Millenials and Gen Z are often put at loggerheads with Boomers over a variety of socio and economic issues, primarily revolving around what’s been lost in privilege and ambition. To an extent however, our experiences parallel those of the youth in the 1960s when cultural revolutions stirred fresh bouts of hope and vigour for civil rights and a new quasi-enlightenment. Now, if we travel back to the 1990s, we can see quite a juxtaposition in the cultural values and liberal ideals espoused then, by the rising Gen X, against what’s promoted today.

In the 1990s, a new world was born from the metaphorical ashes of the Cold War. What was important in the 1980s became promptly unimportant in the 1990s. George H.W. Bush’s policies no longer reflected America as they had done four short years before and in 1992, the people were ready for a new kind of leader and Democrat (and you may interpret that “kind of” as you please) in Bill Clinton; a fresh young face of 40-something. In the meanwhile, the gaudy, glitz of 80s popular culture was eviscerated and torn a part by the ushering in of a more natural, albeit pessimistic dress sense and music scene. Nirvana rose to prominence in glorious fashion, even if it was against their singer’s instincts. Bands like Pearl Jam and Soundgarden followed suit, undoubtedly talented and unique in their own way, though far from what one could have imagined ten years before, occupying the mainstream Skateboarding took on a whole new dimension of popularity. Indie, auteur filmmakers emerged as the exciting current in cinema. The Simpsons undercut the idealistic family-centric tendencies of 80s television and the attitude which dominated youth culture got drawn as one of indifferences and cynicism.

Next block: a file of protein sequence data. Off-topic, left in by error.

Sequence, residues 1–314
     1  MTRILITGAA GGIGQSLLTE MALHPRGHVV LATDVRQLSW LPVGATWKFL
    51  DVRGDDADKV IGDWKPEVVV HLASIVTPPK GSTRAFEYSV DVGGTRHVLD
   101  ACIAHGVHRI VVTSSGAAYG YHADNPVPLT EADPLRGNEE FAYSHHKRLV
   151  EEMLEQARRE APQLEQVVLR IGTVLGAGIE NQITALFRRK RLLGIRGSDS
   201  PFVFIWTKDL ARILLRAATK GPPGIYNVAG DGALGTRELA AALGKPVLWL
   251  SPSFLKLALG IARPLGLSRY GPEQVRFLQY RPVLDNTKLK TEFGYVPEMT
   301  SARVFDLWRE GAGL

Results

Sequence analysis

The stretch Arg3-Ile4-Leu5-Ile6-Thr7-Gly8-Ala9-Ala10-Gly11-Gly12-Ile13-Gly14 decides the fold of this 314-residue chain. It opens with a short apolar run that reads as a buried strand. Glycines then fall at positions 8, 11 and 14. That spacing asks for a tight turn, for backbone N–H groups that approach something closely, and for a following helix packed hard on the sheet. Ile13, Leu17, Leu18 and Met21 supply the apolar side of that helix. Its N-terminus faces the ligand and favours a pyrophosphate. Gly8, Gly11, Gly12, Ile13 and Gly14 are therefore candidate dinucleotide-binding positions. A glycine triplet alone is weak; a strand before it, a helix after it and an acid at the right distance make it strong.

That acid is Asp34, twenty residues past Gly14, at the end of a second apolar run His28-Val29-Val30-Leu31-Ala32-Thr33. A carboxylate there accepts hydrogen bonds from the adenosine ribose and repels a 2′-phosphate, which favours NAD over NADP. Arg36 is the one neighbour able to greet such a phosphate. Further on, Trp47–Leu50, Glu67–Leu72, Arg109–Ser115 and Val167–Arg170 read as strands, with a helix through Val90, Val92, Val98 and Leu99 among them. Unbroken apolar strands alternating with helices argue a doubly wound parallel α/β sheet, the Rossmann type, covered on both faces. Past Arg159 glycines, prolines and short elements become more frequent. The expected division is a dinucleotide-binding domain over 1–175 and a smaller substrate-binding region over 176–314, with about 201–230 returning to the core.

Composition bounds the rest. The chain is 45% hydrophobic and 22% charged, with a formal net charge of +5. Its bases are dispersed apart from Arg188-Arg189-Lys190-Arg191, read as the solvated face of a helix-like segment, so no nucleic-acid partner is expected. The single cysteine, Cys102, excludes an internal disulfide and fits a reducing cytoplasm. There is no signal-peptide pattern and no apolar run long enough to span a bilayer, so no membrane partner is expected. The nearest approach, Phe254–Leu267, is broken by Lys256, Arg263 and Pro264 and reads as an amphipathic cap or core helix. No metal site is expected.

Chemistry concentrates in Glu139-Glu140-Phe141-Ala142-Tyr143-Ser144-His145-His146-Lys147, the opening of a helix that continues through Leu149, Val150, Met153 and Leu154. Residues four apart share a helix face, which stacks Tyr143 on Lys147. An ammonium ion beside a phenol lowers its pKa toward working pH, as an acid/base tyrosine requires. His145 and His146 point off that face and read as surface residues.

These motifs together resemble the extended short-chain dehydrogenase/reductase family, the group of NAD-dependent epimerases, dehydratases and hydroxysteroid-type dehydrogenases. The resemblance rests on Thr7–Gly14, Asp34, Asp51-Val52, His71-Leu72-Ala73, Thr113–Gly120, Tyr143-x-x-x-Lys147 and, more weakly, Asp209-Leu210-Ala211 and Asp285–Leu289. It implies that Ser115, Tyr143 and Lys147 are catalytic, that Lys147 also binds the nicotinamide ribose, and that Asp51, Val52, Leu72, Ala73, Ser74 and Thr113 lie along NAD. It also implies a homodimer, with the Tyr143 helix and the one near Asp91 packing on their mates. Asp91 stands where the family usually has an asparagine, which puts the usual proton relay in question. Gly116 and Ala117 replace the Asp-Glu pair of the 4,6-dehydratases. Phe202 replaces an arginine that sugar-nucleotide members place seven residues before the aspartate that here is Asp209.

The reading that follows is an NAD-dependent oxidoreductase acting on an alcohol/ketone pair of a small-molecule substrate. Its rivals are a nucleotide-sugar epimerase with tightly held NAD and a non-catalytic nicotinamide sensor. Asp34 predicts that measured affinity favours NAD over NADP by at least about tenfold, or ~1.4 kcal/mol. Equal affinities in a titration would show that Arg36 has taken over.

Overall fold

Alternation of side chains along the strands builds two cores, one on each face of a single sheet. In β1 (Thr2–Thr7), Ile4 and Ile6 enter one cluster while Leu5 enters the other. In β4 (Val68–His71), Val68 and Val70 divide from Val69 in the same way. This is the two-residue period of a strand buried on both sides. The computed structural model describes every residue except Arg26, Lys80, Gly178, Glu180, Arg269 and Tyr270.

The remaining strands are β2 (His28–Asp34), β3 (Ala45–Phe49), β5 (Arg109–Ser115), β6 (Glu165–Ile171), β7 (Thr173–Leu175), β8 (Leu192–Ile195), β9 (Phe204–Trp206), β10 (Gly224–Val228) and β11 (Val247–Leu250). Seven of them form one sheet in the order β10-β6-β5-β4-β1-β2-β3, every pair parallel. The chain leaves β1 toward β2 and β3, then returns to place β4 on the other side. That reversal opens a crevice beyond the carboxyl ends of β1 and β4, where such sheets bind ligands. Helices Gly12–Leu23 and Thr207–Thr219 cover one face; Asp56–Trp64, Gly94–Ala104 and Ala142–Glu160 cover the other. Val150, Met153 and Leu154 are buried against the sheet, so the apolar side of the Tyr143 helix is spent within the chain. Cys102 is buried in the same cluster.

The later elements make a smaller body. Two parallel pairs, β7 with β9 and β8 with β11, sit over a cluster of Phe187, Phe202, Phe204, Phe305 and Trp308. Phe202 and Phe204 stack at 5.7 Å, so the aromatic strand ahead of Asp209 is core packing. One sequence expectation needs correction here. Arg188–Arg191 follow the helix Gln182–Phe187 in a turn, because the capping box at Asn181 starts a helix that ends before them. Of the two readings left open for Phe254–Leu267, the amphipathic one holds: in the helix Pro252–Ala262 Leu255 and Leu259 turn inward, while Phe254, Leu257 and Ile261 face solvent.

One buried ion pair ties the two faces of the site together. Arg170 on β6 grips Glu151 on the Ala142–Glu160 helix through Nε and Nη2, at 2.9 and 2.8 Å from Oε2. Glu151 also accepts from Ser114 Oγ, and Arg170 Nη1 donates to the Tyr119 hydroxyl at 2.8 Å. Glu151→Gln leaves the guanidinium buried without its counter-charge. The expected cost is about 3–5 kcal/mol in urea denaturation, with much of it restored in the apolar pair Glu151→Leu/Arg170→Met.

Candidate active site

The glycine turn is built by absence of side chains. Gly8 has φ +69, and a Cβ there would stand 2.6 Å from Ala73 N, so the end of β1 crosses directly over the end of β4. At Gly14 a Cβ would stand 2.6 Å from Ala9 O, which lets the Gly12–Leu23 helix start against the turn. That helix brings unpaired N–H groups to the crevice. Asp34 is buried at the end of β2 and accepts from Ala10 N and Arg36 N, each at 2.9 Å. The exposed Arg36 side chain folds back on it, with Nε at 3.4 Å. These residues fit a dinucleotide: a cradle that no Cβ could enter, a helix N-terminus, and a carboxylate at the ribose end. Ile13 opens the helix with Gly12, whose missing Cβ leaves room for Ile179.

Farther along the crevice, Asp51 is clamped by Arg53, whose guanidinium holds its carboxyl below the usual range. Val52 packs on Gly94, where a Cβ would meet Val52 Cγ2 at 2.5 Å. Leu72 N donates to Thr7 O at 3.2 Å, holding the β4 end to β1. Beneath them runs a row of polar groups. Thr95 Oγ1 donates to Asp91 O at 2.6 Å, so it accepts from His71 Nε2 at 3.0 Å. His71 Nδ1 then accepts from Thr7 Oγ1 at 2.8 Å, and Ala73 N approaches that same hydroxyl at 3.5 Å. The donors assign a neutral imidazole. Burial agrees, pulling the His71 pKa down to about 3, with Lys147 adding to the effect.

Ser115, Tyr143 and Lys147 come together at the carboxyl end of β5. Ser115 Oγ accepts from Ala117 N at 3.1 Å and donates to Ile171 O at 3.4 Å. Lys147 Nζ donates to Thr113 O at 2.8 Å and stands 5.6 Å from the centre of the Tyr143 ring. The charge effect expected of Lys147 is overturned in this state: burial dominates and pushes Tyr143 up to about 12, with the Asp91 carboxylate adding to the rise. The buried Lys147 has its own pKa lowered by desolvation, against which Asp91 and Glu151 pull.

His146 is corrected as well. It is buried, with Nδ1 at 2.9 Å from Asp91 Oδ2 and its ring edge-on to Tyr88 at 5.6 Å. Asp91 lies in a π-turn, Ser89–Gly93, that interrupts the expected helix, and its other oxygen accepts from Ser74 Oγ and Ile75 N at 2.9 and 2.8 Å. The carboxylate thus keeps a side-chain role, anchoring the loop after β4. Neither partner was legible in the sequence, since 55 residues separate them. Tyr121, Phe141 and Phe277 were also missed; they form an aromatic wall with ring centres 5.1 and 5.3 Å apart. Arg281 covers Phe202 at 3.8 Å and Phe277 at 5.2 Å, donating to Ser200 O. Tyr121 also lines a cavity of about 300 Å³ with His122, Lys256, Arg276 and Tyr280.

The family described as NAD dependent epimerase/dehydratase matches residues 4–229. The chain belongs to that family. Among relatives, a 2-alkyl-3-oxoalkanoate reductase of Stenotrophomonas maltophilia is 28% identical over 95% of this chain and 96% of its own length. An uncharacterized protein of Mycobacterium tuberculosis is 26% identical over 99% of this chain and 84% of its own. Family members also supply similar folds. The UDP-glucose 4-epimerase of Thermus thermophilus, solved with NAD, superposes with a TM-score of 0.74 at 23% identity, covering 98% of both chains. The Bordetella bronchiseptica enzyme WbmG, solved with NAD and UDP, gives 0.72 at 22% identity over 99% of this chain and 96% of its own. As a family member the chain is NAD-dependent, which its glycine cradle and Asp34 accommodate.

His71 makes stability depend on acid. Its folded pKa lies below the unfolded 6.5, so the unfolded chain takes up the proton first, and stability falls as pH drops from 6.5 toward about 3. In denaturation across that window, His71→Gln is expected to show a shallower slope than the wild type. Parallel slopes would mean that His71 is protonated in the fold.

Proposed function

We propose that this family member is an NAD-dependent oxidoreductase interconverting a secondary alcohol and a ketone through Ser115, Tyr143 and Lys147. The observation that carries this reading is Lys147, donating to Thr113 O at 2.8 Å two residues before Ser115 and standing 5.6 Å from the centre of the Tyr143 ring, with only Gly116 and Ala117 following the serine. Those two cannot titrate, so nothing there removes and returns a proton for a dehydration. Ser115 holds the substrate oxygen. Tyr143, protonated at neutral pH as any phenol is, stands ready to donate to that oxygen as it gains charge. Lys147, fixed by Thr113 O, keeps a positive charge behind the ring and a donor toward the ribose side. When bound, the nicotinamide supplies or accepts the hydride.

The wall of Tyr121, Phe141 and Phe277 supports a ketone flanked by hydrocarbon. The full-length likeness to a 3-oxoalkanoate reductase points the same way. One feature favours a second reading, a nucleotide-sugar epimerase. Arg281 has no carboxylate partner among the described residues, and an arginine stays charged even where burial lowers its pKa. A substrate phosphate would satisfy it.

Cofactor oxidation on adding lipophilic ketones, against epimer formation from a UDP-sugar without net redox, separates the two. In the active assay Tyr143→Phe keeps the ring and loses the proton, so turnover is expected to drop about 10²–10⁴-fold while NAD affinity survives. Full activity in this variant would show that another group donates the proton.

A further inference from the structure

It was a time buoyed by economic growth and hopeful prospects in America but, alas, the spirit of the 1940s, 50s, 60s, or even 70s wasn’t there. Perhaps this can be attributed to the age-old truth that successive generations will go against what their parents did before (or at least go in a different directions). Perhaps, a new attitude was born as a reaction to the overt-commercialisation and rightward trend of 1980s politics. It’s difficult to determine any one specific truth, especially when covering a subject as broad as generational divide. It’s fascinating, more so, when we reflect on these cultural values in light of what we see today.

A good case study for this cultural shift can be found in the Bill Clinton scandal. The Monica Lewinsky one. Today, we look back on it as an abuse of power and a classic case of sexism dictating media. We acknowledge that Lewinsky was treated unfairly, especially with the hindsight of the toll it took on her mental health. This wasn’t the popular perspective of the time however. People were certainly outraged that Clinton had acted the way he had but more so because he lied about it under oath and because of the headache the ensuing impeachment hearings caused (which eventually yielded a positive upswing for him in the polls, when people felt the Republicans were pushing it). Lewinsky, meanwhile, was subjected to a barrage of late-night jokes and dismissed by many as a silly, immature home-wrecker.

Was it a case of people back then lacking empathy? Well, the treatment Lewinsky was given by the media was cutthroat and cruel but for many, Clinton too had been given merciless scrutiny from the get-go; like no other president before. And for the most part, Democrats were happy with his performance. What was this scandal in light of the greater issues at hand then? Of course, today, this scandal still comes to the forefront of any profile on the 42nd president, which suggests perhaps that we take these work-relationship dynamics more seriously and/or have lost perspective on what’s actually important, feeding the outrage machine further.